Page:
Hooked is the new sequel novel to last year’s Wendy, Darling, which told the tale of an adult Wendy Darling and her life after Neverland, and what happened when Peter Pan kidnaps her daughter. Now we catch up with infamous pirate Captain James Hook, who managed to escape the clutches of Neverland decades before.
Hooked tells the story of James Hook, the man who fought against Peter Pan for decades in the mystical world of Neverland. Whilst other stories would have you believe that Hook was nothing but a villain, this story takes a different approach. We discovered in the first book in this series that Pan was more than simply a boy who couldn’t grow up, and was in fact a monster himself; and here we discover more of his monstrous acts as we meet an older James Hook living in 1930’s London.
Hook is an old, broken man. He walks with a limp, using a cane to get around, his missing hand has been replaced by a wooden prosthesis (his famous hook long since gone), and he scrapes by where he can, living in poor conditions and fighting the nightmares of his past with opium. He has escaped from Neverland, but Neverland hasn’t let him live in peace since. He’s a man with too many ghosts in his closet, too much pain to carry on his own. He’s not the monster that Pan made him out to be, but another victim of the real monster behind Neverland.
When something terrible escapes from Neverland and starts stalking Hook, the bodies begin to mount up across London, including the roommate of Jane, Wendy’s daughter. It appears that anyone who has been to Neverland may be being stalked by this monster, and only by working together can they hope to find a solution. Now, Wendy and her daughter have to put their misgivings aside and work with the infamous Hook in order to survive.
I really enjoyed Wendy, Darling, and thought that its dive into what happened to the character after leaving Neverland was interesting and at times heartbreaking, and as such, I was intrigued to see that same treatment be given the Captain Hook. And it very much does feel like a similar treatment, as this book follows some similar patterns and themes as the previous novel in the series.
The book begins by introducing us to our protagonist after they have left Neverland, showing us the life that they’ve managed to build for themselves. We get flashbacks to previous times in their life, showing both their time in Neverland, and their past after leaving before this point in time. The two characters who get this focus across the two books, Wendy and Hook, go through some ordeals after leaving Neverland. Wendy was locked in a mental asylum, Hook goes through drug withdrawal and addiction. Both of them have a queer romance in their lives. Both of them struggle to get over their time in Neverland. And both of them end up facing the prospect of returning in order to face their past.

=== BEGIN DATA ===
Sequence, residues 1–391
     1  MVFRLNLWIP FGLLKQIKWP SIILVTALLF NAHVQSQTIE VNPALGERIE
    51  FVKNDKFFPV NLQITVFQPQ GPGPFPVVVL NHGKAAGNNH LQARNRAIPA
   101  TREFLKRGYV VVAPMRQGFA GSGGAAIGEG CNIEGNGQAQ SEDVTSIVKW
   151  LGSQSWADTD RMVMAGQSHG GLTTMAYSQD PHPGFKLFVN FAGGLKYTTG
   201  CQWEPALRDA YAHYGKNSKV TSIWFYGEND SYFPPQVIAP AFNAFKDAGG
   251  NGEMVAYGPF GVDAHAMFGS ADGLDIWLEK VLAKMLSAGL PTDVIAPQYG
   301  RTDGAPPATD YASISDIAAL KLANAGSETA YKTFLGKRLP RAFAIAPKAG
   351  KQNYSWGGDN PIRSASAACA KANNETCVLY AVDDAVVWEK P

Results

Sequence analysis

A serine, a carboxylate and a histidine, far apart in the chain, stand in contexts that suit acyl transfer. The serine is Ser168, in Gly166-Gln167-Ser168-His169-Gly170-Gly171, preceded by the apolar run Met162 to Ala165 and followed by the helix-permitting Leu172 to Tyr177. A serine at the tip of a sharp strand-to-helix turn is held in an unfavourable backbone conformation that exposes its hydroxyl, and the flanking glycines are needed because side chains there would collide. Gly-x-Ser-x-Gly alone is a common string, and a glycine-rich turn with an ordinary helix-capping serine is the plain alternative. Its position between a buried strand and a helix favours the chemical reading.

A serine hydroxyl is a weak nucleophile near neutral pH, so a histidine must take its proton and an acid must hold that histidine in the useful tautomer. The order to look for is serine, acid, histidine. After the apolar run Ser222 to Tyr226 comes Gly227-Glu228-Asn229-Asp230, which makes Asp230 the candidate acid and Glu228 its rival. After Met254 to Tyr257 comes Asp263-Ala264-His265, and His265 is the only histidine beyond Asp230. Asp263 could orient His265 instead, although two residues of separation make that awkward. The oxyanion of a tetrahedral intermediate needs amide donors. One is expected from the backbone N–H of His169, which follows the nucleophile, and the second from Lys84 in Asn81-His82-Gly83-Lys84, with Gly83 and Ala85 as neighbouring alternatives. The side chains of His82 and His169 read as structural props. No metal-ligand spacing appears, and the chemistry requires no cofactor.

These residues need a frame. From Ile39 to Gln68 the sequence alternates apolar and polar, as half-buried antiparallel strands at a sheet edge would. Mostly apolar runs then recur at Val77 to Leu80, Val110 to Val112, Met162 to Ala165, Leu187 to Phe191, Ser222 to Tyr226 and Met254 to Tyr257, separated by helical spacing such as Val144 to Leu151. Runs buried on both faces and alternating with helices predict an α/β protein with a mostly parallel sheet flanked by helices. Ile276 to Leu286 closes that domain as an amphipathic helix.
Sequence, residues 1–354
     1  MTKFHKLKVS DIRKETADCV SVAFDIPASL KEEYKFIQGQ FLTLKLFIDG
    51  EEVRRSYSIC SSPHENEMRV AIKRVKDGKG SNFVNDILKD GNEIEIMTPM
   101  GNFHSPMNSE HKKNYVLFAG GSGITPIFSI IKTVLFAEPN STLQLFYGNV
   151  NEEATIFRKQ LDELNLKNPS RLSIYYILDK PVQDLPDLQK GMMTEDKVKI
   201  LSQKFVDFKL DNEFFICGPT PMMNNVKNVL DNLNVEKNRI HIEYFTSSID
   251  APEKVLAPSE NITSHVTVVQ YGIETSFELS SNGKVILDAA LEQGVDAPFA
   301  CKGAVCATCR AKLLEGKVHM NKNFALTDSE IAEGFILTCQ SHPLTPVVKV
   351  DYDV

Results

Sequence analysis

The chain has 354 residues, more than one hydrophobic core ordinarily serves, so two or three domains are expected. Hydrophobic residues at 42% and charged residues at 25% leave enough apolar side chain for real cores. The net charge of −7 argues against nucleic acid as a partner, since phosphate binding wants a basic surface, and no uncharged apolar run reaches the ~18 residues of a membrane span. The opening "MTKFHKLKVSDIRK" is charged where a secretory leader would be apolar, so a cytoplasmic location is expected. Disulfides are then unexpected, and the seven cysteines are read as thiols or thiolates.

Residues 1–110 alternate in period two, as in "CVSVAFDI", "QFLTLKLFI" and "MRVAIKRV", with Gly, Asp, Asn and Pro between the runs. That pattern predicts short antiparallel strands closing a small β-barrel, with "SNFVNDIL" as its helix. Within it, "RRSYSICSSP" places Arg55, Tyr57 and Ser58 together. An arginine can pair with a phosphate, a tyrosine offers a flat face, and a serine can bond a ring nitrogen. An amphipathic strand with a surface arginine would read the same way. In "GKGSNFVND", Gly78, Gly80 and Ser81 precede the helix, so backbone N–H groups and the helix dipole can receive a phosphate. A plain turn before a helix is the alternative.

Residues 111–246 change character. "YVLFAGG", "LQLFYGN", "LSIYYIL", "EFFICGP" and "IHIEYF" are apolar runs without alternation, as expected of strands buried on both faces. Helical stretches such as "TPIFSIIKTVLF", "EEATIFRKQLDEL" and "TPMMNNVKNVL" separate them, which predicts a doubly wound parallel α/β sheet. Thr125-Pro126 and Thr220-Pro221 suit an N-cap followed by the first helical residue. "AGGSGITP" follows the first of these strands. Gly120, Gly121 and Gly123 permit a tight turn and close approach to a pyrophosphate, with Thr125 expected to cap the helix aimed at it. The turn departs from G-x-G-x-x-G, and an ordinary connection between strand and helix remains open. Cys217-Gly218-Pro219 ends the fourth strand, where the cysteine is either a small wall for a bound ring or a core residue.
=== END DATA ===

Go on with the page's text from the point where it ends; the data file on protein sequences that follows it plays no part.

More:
I’m not entirely sure if I like this repeat of the formula or not. There are aspects to Hook’s story that I really like, particularly his romance with the man who helped him escape Neverland, but it does feel as if A.C. Wise is following a similar story pattern even if the details have been altered. And whilst that’s fine for the first half of the book because we’re getting to spend time with Hook and get to know him better, by the latter half of the novel it felt like too similar a retread. Some slight spoilers, but when the characters end up going to Neverland the quality really seemed to drop for me. I was really enjoying seeing this small group having to work on this strange, magical problem in the real world, but going back to Neverland to beat the villain felt like a retread of the first book in a less entertaining way.
That being said, there are things that I enjoyed about the book. It was nice to catch up with Wendy and Jane again almost a decade after the last book, getting to see how things had changed for them over the years. Jane had clearly been affected by her experience, and grown into a headstrong and independent woman, and seeing how the events of the previous book had shaped her was a nice touch. Though there is one character that was an important part of Wendy’s life who seems to have disappeared with no mention here, that I was sightly disappointed in.
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There’s some good queer representation here, like with the first book. James Hook has a same sex romantic relationship before the events of this book, and is clearly still deeply in love with the man years later. Considering that Hook was more than a hundred years old, thanks to his time in Neverland, and that he was living in the 1930s once he escaped, it’s a pleasant surprise to see gay romance in a book set in that period. With queer romance often being removed from historic tales, it’s wonderful to see this series embracing these stories and putting them at the forefront.
A.C. Wise has delivered a decent sequel to the last novel, but one that falls a bit short of being quite as enjoyable. Thanks to an ending that I felt dropped in quality and became quite repetitive of the first book, Hooked ended up feeling like two very different stories combined together, and not always with the best results.
Hooked is out now from Titan Books.